Considering WordPress as a Web content management system is something hundreds, and maybe thousands of website owners likely do on a daily basis, and we've got a ready-made short list of alternatives that we think are viable alternatives.
If there is such a thing as a mainstream Web CMS (WCMS) WordPress may be it. If it's not already obvious, there are dozens of other choices available, but we won't go too deep on issues like open source versus proprietary, for example. Instead, we'll lay out the case for a few options that might also fit if you are considering a choice like WordPress.
This brings us to an important point about the underlying technology of these kinds of systems. Because of the great variety of use cases in any Web CMS, WordPress included, it sometimes becomes necessary to build that system out for greater functionality. There are add-ons and APIs that often come prebuilt for just this kind of thing.
Depending on what the CMS is being used for, this can get pretty complicated fast. The most popular systems like WordPress have a dedicated community of developers and other experts that can help with almost any issue. WordPress and many other popular WCMS are built on a technology called PHP.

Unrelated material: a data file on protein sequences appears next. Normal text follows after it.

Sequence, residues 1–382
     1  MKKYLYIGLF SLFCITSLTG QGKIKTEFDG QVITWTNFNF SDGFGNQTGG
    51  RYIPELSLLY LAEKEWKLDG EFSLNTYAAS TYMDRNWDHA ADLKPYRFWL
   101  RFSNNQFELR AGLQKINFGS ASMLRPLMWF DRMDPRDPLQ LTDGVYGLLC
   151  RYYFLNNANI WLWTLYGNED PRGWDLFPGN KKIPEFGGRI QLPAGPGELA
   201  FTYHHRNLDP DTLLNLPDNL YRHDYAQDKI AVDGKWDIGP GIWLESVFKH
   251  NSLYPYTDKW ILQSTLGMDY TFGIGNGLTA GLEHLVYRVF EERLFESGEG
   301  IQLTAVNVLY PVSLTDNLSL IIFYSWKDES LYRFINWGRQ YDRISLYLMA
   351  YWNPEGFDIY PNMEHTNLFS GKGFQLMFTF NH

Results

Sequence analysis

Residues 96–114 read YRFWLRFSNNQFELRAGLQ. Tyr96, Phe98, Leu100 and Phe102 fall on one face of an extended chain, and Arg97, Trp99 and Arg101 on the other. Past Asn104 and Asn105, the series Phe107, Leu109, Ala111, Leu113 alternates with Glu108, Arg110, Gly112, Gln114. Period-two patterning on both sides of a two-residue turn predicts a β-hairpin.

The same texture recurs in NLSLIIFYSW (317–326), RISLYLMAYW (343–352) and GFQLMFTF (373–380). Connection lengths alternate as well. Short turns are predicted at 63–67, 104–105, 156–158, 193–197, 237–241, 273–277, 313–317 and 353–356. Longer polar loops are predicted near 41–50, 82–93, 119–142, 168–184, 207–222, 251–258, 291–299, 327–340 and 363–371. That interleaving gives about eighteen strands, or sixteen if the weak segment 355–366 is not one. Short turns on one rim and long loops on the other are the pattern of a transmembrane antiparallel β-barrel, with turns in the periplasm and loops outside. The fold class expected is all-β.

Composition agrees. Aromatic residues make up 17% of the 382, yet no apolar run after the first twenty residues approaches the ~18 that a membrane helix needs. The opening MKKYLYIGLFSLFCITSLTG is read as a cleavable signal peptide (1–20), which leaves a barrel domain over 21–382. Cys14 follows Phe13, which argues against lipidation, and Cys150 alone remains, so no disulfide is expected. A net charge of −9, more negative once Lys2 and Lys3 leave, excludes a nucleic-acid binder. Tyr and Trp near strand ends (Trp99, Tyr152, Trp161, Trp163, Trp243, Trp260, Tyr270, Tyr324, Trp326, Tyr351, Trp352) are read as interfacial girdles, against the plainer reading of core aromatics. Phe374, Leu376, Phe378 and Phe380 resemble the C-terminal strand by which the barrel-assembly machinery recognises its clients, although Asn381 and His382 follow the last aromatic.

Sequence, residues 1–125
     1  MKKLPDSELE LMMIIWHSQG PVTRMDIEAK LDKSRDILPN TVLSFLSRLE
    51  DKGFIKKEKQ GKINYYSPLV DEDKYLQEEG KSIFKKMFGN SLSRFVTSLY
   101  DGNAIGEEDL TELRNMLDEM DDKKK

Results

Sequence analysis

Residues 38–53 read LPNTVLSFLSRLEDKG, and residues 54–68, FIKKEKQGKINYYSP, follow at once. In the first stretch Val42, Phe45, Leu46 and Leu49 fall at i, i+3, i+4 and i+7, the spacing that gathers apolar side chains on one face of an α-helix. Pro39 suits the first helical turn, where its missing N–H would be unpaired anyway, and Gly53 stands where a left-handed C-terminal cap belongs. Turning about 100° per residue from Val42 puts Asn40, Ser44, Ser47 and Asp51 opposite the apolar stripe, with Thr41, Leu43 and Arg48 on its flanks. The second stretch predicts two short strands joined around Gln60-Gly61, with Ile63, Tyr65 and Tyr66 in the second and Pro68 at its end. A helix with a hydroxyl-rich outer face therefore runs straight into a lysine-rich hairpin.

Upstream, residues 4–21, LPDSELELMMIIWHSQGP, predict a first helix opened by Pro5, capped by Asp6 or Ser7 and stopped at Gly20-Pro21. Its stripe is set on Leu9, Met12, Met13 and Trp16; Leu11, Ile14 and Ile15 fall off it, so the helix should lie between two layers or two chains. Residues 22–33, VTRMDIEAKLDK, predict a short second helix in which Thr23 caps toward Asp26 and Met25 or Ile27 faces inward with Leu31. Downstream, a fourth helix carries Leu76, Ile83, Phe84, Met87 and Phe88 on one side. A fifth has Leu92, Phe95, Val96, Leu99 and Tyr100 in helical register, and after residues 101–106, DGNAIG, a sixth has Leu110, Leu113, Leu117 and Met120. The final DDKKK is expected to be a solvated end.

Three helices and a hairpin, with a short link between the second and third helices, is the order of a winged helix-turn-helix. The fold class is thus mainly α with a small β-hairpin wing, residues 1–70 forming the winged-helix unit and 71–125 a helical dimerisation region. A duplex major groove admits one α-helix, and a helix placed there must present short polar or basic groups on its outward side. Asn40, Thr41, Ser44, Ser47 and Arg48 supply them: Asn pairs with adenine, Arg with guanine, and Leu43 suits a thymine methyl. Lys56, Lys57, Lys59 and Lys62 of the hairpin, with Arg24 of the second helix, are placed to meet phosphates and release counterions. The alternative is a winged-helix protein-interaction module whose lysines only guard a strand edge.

Without trying to ignite a programming holy war, we have looked at WordPress alternatives that do not fall into this category. That makes our alternatives quite different from WordPress, but as mentioned above, that also means there may be a smaller group of dedicated developers and experts available to help out with things like extendability.
The caveat here is most people who are considering WordPress likely don't want to get into that level of programming anyway, so for many it won't matter. However, for those who are interested, it is one of the main differences overall between WordPress and the alternatives we are offering here.
So let's get started.